If you're hoping to pick one up, you might want to set your alarm clock early on Sunday. Customers have been having a hard time tracking down the $299 Acer at Best Buy, and a Walmart blog warns that quantities of its $298 Presario "are limited" and "we expect this one will be quite popular."
Maingear claims its new eX-L18 laptop is the "World's Most Power Gaming Notebook," and while we've seem some desktop replacements built around the Core i7 platform that might dispute that title, the eX-L18 is at least one of the fastest spec'd Core 2 notebooks on the block.
Sporting a generous 18.4-inch LCD, Maingear's latest lappy comes configurable with up to an Intel Core 2 Extreme X9300 processor (2.53GHz), 4GB or 8GB of DDR3-1333 memory, up to three 2.5-inch SATA or SSD drives with RAID support, a DVD or Blu-ray optical drive, and the crème de la crème of mobile gaming hardware: A pair of GTX 280M GPUs in SLI.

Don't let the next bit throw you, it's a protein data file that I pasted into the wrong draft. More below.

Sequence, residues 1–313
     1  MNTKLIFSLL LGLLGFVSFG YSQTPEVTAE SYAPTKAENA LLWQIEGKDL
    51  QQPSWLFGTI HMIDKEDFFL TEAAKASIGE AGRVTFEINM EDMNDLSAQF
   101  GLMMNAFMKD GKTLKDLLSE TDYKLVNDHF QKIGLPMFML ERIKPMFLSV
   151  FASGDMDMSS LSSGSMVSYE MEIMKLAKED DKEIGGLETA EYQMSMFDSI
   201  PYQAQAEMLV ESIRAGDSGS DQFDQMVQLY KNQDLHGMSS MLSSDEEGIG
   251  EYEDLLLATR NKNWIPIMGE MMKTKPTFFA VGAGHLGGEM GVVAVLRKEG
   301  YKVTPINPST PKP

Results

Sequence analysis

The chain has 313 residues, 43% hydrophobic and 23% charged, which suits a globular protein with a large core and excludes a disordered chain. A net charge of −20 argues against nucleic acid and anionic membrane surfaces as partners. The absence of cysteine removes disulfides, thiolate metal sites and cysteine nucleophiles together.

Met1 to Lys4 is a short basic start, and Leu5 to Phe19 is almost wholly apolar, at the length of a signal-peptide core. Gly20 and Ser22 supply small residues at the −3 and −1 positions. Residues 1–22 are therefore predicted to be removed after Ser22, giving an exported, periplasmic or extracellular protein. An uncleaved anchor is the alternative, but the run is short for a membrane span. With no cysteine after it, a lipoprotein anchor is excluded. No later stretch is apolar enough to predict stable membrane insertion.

"Maingear has equipped the eX-L18 with the world's fastest notebook graphics solution," said Rene Hass, GM of the notebook business unit at Nvidia. "With Nvidia GeForce GTX 280M GPUs, Maingear's customers will experience breathtaking in gaming physics from titles such as Terminator Salvation or Darkest of Days and are ready for GPU computing applications such as Badaboom, vReveal, and Arcsoft SimHD."
Gamers will also experience a noticeably lighter wallet with pricing starting out at $3,000 for a base configuration. All configurations include a "Nighthawk Black Automotive Finish."
Three months after it arrived, Dell Adamo has received a price cut. A price cut for the Adamo became inevitable once Apple slashed the price of its svelte MacBook Air -perceived to be Adamo’s archrival - in June. Prices of all Adamo ultraportables have been lowered.